U.S. assistance supports Tanzania’s national development goal to build public and private capacity to foster a healthier, prosperous and secure nation through accountable, democratic government that responds effectively to the needs of its citizens.
Since 1832, the United States and Thailand have maintained a strong relationship. Through its assistance programs, USAID has built a solid foundation of partnership in development with the Royal Thai Government.
Timor-Leste is one of the world's newest countries and also one of the poorest. This small, half-island nation is home to a young and culturally diverse population of just over 1 million. In its pivotal Southeast Asia location between Indonesia and Australia, Timor-Leste is already playing an important role in regional and global organizations. It currently holds the chair of the g7+ Group of Fragile and Conflict-Affected States, helping to lead the way to more effective engagement between developed and developing countries.
The United States strongly supports the Tunisian people as they lay the foundation for a future of economic prosperity that empowers a new generation, strengthens civil society and solidifies the foundation of democracy.
Tunisians have charted their own political transition, and USAID has answered Tunisian requests for support for economic growth, good governance, and expanded opportunities—areas that are interlinked in this transition environment.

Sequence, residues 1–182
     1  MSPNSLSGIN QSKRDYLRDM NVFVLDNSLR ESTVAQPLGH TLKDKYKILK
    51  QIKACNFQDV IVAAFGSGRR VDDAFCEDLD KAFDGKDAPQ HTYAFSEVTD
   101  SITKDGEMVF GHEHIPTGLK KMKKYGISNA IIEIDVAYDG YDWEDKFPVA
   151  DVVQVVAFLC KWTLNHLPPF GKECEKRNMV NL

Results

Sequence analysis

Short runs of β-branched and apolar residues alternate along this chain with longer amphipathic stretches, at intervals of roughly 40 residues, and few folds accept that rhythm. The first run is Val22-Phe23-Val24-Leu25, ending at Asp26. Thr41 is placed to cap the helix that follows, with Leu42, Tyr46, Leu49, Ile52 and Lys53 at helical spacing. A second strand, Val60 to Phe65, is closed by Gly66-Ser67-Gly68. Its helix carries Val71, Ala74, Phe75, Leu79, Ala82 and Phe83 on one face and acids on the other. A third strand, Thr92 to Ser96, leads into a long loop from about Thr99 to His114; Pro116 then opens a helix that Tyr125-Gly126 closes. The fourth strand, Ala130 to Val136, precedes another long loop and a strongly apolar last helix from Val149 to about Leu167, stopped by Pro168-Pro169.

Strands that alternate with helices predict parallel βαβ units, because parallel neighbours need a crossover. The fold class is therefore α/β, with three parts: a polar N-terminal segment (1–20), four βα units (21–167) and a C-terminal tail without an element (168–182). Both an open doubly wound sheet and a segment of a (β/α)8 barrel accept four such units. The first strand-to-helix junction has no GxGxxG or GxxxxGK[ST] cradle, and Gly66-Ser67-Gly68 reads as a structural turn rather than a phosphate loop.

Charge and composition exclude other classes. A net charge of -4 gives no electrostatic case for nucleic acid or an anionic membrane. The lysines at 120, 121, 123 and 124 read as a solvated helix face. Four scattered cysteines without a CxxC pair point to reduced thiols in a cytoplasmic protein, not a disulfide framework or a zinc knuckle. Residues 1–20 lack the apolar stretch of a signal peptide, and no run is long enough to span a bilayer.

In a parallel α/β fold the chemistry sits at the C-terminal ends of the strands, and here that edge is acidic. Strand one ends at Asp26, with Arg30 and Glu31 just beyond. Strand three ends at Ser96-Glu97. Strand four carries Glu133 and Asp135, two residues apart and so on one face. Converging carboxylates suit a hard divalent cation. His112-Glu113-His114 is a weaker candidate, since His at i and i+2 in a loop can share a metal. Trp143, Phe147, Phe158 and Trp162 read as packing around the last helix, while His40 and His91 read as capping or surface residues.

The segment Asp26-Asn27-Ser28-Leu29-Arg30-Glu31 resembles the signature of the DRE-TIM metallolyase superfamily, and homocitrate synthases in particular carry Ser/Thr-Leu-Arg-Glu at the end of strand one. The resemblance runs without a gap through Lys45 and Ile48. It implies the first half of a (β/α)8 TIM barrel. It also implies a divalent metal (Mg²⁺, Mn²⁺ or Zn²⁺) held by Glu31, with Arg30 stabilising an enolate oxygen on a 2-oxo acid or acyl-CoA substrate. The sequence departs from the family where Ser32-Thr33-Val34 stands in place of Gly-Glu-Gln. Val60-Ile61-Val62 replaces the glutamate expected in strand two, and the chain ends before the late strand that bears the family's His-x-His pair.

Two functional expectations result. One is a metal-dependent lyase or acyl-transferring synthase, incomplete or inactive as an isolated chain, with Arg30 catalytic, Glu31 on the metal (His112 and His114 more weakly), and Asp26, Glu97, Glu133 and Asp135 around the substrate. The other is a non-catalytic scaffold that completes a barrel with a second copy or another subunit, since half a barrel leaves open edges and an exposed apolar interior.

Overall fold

Sharing long borders with Afghanistan and Iran in Central Asia, and serving as a key link to the South Asian subcontinent, Turkmenistan plays a critical role in advancing regional integration and stability. The country’s large oil and gas reserves also make it a pivotal supplier for regional and world markets. As the former Soviet Republic emerges from decades of isolation, the United States supports Turkmenistan in its efforts to foster a more open and integrated society.
USAID’s wide-ranging work in Uganda supports U.S. policy objectives in peace and security, democracy and governance, health and education, economic growth, and humanitarian assistance. USAID implements three major U.S. presidential initiatives in Uganda: Feed the Future, the Global Health Initiative and the Global Climate Change Initiative.
Last updated: December 10, 2013